command_line binary sensor platform issues specific commands to get data.
To use your Command binary sensor in your installation, add the following to your
# Example configuration.yaml entry binary_sensor: - platform: command_line command: "cat /proc/sys/net/ipv4/ip_forward"
It’s highly recommended to enclose the command in single quotes
' as it ensures all characters can be used in the command and reduces the risk of unintentional escaping. To include a single quote in a command enclosed in single quotes, double it:
Sets the class of the device, changing the device state and icon that is displayed on the frontend.
Defines a template to extract a value from the payload.
command is executed within the configuration directory.
If you are using Home Assistant Operating System, the commands are executed in the
homeassistant container context. So if you test or debug your script, it might make sense to do this in the context of this container to get the same runtime environment.
0 exit code, the output (stdout) of the command is used as
value. In case a command results in a non
0 exit code or is terminated by the
command_timeout, the result is only logged to Home Assistant log and the sensors value is not updated.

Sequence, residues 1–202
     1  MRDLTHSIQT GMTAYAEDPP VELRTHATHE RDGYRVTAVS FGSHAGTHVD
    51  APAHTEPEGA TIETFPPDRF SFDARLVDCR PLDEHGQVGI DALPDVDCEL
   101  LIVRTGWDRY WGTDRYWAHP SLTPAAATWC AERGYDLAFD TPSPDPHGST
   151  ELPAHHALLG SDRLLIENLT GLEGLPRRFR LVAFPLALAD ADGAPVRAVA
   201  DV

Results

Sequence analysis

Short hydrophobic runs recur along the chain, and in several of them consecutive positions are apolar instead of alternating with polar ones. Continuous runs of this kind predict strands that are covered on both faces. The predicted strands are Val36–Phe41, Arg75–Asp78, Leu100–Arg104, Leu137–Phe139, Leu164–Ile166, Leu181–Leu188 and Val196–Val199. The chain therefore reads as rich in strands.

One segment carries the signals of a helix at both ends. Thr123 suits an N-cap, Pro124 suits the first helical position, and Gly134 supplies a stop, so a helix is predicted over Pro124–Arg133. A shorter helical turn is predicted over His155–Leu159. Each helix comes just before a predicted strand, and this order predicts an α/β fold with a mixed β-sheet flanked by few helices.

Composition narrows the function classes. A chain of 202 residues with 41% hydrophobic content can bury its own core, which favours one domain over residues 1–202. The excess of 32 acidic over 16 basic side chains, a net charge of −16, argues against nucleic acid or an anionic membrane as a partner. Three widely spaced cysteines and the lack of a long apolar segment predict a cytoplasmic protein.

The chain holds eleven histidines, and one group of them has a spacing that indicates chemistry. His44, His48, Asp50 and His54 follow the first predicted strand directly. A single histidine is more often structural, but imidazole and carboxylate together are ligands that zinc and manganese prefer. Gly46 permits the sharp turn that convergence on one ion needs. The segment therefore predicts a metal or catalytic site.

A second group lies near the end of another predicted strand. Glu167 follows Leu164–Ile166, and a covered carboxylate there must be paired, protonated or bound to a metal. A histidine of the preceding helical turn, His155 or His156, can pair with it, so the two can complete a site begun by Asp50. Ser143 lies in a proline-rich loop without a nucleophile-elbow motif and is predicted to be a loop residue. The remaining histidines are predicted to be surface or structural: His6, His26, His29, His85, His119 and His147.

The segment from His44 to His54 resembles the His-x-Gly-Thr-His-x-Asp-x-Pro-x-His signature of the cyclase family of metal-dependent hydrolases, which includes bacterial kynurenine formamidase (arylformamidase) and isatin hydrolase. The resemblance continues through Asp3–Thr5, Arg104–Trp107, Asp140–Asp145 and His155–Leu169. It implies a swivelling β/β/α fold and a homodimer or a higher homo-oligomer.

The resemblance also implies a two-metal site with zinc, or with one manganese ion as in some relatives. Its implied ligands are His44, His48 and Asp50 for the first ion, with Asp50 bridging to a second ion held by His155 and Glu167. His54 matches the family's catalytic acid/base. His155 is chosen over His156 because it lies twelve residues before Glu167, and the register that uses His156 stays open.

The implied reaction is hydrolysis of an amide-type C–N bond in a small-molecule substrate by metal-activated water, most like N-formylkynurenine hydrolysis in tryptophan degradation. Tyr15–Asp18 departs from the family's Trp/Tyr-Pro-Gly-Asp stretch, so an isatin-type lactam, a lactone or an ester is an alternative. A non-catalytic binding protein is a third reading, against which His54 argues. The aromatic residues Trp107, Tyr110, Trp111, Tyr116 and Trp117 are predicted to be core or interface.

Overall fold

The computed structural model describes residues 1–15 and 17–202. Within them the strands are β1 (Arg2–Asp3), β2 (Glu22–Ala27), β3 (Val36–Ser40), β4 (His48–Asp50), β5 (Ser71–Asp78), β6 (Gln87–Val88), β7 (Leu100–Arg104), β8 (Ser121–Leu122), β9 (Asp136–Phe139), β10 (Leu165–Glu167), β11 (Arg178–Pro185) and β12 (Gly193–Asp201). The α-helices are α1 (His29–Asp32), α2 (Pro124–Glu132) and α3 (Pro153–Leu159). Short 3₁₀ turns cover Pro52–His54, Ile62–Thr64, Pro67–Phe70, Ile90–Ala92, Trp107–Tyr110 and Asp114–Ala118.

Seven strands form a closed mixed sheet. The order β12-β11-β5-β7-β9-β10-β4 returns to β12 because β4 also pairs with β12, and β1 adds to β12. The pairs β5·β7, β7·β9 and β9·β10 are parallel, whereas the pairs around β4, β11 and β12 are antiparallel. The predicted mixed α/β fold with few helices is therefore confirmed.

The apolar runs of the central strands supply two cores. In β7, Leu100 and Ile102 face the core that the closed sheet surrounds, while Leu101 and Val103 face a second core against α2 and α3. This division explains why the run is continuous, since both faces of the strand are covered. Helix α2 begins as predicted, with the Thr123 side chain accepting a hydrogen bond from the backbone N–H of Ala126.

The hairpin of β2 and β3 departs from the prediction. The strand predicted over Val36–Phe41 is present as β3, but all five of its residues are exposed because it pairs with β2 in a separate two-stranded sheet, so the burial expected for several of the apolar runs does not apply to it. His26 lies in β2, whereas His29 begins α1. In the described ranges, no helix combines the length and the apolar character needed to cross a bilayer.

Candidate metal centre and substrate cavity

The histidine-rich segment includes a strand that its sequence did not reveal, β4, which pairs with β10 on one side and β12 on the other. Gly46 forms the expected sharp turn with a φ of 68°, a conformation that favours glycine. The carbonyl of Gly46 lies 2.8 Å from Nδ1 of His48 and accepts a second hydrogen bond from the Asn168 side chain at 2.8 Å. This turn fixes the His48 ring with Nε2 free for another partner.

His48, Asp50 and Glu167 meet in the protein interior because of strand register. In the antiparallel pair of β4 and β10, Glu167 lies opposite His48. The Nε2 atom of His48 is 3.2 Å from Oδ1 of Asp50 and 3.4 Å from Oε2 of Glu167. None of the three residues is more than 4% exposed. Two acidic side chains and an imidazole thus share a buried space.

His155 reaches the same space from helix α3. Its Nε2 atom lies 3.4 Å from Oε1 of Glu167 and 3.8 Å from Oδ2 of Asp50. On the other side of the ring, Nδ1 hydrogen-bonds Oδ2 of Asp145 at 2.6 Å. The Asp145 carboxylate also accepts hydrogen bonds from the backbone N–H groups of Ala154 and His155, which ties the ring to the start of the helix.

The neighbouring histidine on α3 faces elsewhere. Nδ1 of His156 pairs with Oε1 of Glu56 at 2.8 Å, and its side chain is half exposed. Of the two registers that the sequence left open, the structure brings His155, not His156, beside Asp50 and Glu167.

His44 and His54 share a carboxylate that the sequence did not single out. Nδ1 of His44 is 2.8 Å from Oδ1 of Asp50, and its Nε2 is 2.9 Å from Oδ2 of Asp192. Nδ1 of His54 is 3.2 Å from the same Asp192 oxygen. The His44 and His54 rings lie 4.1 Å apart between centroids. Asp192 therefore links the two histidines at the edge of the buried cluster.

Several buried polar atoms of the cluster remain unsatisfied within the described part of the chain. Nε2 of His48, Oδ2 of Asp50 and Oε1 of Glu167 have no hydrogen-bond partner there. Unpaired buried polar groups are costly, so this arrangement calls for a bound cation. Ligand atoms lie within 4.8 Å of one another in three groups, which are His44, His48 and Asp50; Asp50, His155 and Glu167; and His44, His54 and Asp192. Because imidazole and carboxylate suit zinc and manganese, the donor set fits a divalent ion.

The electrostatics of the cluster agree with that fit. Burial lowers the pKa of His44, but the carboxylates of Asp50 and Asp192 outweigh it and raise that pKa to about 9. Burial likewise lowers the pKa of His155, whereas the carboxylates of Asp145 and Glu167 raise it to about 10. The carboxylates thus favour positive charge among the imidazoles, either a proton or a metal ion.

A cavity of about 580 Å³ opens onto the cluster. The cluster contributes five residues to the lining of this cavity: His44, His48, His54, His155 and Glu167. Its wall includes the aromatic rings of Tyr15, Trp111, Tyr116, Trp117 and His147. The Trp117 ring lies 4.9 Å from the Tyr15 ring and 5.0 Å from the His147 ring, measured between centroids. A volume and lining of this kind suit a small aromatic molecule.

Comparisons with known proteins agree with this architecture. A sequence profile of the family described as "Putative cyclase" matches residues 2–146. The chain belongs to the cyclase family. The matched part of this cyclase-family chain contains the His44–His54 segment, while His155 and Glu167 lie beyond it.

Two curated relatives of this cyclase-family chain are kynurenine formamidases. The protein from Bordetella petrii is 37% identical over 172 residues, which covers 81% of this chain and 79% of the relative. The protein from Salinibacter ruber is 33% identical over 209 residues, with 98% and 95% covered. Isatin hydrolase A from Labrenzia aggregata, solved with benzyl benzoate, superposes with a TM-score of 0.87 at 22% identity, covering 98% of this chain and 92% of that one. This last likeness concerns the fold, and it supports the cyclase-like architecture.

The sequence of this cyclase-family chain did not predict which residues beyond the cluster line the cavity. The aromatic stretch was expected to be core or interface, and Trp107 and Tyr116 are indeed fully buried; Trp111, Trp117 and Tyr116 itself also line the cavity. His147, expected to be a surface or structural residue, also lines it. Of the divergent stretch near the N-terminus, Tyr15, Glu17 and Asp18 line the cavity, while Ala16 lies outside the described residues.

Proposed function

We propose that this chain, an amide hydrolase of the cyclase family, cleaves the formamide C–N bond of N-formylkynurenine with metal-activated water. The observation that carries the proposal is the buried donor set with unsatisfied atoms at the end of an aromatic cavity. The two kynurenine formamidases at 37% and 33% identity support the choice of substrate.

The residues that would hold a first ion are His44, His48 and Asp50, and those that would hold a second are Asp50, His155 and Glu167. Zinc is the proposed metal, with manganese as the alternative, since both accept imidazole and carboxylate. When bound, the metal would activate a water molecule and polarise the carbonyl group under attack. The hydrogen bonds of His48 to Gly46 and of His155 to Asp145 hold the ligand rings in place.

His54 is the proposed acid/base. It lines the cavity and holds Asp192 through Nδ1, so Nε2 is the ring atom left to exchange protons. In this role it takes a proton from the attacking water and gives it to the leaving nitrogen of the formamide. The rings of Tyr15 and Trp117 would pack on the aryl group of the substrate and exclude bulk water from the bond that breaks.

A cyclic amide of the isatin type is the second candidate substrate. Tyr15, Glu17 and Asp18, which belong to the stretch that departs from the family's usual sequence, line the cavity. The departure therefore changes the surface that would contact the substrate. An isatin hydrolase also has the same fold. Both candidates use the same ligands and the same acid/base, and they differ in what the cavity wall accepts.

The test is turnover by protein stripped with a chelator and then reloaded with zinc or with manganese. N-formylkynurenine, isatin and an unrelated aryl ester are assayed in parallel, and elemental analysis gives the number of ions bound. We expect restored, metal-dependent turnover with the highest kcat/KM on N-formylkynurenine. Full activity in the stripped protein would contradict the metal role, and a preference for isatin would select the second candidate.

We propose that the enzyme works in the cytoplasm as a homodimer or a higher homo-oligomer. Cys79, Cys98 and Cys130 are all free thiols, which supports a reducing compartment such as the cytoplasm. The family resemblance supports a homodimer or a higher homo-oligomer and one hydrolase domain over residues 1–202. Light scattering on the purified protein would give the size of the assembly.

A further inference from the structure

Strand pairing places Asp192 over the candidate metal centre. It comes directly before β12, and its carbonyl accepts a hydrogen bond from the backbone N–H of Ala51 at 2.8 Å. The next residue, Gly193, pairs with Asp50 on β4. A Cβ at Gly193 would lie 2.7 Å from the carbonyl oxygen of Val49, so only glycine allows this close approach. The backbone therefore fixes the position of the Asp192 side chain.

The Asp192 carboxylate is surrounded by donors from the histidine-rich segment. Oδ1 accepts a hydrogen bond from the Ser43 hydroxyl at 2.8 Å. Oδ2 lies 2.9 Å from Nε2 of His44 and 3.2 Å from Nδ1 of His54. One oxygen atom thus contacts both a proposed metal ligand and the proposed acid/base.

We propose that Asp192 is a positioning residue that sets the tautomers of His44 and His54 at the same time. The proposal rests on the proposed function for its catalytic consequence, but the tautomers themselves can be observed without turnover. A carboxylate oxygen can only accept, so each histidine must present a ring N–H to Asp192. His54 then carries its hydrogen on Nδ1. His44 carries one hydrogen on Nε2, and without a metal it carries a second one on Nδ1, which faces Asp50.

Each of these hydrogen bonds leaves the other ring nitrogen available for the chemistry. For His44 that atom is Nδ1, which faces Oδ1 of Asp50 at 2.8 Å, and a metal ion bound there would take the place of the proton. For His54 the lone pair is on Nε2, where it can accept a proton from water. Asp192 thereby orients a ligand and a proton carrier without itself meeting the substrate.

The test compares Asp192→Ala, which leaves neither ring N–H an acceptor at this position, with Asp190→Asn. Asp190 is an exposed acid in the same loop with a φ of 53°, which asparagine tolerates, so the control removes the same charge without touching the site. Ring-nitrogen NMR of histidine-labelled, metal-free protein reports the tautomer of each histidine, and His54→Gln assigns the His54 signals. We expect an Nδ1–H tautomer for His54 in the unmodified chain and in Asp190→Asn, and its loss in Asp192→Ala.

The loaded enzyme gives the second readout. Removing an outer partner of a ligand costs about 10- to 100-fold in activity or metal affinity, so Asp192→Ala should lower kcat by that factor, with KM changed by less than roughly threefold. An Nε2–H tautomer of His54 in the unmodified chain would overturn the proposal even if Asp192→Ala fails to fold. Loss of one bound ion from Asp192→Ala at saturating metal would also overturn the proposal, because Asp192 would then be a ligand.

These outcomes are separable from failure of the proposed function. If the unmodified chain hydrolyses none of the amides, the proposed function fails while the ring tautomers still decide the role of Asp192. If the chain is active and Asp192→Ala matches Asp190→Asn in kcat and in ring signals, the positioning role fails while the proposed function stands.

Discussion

In this section you find some real-life examples of how to use this sensor.
Check the state of an SickRage instance.
# Example configuration.yaml entry binary_sensor: - platform: command_line command: 'netstat -na | find "33322" | find /c "LISTENING" > nul && (echo "Running") || (echo "Not running")' name: "sickragerunning" device_class: moving payload_on: "Running" payload_off: "Not running"
Check if RasPlex is
binary_sensor: - platform: command_line command: 'ping -c 1 rasplex.local | grep "1 received" | wc -l' name: "is_rasplex_online" device_class: connectivity payload_on: 1 payload_off: 0
An alternative solution could look like this:
binary_sensor: - platform: command_line name: Printer command: 'ping -W 1 -c 1 192.168.1.10 > /dev/null 2>&1 && echo success || echo fail' device_class: connectivity payload_on: "success" payload_off: "fail"
Consider to use the ping sensor as an alternative to the samples above.
The services running is listed in
/etc/systemd/system and can be checked with the
A binary command line sensor can check this:
binary_sensor: - platform: command_line command: '/bin/systemctl is-active [email protected]' payload_on: "active" payload_off: "inactive"
This service takes no service data attributes.